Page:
No, I mean do something real. We have to get our feet dirty and do something. Personally. Our thinking should be peremptory to our action. Thoughts for the sake of thoughts are just empty thinking. There’s already more than enough of that happening already. We need to physically cross whatever lines of division separate us and grasp hands. We must seek out the lost and love the Hell out of them. We must open our doors and our hearts and see ‘those people’ through the eyes of Christ and then love them as fiercely and unendingly as Jesus did. After all, He commands it.

We have to erase socioeconomic lines and embrace one another – regardless of color, creed, religion, upbringing. We must judge others by the character of their hearts and not the color of their skin. We have to stop teaching our children that hatred of any kind is acceptable, whether those lessons are gleaned from our own words, actions, or reticence. Or Facebook comments.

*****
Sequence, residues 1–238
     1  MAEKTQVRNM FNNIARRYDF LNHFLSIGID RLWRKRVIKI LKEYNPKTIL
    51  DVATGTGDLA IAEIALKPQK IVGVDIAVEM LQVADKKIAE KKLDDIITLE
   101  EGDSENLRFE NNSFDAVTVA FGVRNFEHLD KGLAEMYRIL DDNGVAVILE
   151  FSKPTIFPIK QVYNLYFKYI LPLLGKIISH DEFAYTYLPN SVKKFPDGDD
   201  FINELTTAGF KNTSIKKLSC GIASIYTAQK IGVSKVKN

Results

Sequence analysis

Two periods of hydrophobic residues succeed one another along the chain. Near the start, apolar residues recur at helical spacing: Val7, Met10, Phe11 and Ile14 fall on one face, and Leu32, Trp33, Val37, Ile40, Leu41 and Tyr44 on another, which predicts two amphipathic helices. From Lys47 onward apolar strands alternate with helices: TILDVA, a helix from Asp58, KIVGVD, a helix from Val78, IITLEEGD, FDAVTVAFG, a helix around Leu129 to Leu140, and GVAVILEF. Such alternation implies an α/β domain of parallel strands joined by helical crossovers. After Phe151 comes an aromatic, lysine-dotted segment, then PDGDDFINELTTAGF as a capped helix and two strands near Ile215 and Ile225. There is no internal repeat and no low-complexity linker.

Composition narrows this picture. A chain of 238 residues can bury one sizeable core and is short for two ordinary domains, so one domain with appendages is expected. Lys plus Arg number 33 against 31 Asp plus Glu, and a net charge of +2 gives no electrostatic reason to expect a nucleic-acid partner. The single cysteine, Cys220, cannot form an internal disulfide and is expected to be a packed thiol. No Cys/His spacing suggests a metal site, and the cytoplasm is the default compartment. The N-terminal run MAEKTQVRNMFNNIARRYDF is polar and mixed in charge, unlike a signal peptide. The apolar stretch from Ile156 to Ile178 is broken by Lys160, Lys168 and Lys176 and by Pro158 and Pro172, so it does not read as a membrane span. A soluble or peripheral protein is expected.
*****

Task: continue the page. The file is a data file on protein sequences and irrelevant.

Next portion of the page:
We have to look people in the eye when they vomit their racially-laced rhetoric and say, “That’s NOT okay with me.” With our silence we have condoned the hatred. If we say nothing, then we have sided with the oppressors.

Silence is not golden. Stand up, church! Stand up.

Should we pray? Absolutely! Hard. Unceasingly. Like we have never prayed before. Really, intentionally pray. Like the world depends on it; it does. Not just when another tragedy strikes. Not just on Sunday morning because we have to. Not just as something to pretty to fill the gap because we really don’t know how else to rationalize the great suffering around us. Not just when we want our vending machine God to give us a new shiny truck.